Phone tap probe in Moriarty leak fears


Gardai are investigating whether a phone used by Mr Justice Michael Moriarty was tapped in the lead-up to his damning report.

Mystery surrounds the circumstances which led the judge to believe that his private office and home phones may have been compromised.

So far special detectives have no devices or evidence that phone lines were tampered with but intense inquiries are continuing.

Technical officers are now understood to be looking at whether the exchange through which the calls were routed could have been tapped.

In a bizarre twist, they are also set to carry out tests on the underground cabling leading into the office system.

A source said: "There appears to have been some sort of incident a week before the report was published that sparked serious concerns that a third party was gaining information.

"It's a really unusual situation and the exact nature of what was going on has not yet emerged."

There has been a suggestion that the phone was being monitored by an unauthorised third party and conversations recorded.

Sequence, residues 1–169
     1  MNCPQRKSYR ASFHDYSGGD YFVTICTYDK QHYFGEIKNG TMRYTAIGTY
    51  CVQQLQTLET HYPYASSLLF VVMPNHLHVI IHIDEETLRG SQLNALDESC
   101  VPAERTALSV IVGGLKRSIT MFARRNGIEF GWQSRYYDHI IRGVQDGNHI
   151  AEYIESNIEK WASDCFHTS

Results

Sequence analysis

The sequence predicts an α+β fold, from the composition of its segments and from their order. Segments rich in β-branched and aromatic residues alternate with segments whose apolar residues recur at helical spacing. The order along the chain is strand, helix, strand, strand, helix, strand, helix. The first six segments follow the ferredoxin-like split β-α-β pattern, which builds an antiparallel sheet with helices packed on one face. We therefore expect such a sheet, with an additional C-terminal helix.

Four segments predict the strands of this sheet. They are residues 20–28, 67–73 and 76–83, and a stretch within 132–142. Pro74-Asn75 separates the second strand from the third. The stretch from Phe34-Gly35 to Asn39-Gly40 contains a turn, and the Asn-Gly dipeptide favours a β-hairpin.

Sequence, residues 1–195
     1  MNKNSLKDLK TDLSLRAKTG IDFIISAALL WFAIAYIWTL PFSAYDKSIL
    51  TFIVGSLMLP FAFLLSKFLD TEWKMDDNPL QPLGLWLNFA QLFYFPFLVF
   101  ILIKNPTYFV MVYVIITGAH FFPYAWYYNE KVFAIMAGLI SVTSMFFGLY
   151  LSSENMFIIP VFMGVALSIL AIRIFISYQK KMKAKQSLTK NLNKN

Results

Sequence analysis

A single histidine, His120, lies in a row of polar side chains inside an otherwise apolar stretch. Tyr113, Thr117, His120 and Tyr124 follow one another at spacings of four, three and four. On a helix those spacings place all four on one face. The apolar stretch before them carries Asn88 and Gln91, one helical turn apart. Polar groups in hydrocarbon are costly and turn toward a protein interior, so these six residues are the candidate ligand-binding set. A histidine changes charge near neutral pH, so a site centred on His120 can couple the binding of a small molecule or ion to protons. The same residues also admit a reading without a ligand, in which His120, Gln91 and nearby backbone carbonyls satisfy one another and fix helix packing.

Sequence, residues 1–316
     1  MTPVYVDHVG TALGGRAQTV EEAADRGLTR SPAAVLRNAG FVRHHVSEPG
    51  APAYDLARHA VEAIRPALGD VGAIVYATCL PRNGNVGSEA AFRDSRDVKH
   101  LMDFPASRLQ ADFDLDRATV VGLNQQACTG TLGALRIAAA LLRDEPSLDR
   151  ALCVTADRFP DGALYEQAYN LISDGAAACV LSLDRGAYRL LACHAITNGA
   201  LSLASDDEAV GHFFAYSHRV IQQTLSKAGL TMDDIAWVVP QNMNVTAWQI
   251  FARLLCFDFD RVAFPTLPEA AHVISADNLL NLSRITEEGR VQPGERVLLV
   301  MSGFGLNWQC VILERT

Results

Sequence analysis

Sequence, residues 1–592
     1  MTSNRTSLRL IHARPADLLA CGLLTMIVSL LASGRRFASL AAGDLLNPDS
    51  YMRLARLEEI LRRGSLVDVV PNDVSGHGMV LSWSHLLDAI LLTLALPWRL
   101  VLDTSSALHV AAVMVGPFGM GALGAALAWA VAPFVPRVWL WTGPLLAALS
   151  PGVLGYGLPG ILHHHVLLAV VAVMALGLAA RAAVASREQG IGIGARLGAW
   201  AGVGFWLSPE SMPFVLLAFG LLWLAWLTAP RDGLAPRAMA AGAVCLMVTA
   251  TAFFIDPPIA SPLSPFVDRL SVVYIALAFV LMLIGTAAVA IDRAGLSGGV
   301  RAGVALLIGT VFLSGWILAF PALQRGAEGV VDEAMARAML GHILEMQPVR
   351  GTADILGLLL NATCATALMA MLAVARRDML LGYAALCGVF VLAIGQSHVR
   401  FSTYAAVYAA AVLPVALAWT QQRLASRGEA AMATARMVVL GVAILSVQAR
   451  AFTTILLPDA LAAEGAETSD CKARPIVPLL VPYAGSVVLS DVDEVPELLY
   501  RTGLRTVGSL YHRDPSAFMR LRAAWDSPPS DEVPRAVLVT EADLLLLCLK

As part of their investigation, officers from the Garda Crime and Security Unit also checked computer equipment and carried out a sweep of the tribunal's offices in Dublin Castle.

Such sweeps are very rare and are usually reserved for events where high-profile individuals such as the President are attending.

The Moriarty Report, which runs to more than 2,000 pages, has caused massive controversy in political and business circles as it suggests TD Michael Lowry supplied substantive information to Denis O'Brien during the licensing competition in 1995.

The fallout from the publication continued over the weekend as it emerged that a personal adviser to Taoiseach Enda Kenny worked for Deputy Lowry when he was minister for communications. Mark Kennelly is not actually mentioned in the report.

Persona -- which was runner-up to Mr O'Brien's consortium -- also called for the State to refund the expenses of all the unsuccessful licence bidders.

The group is already suing the State over the debacle and has now claimed that the report heightens its case.

Tony Boyle, of Persona, has called on the Government to concede that the process was flawed.

"We have no desire to add further to the economic woes of the State.

"We do believe that all money that all people spent, for all bidders, should be returned," he said.

"Thereafter, if there is any place for damages it must be directed to the parties who acted incorrectly."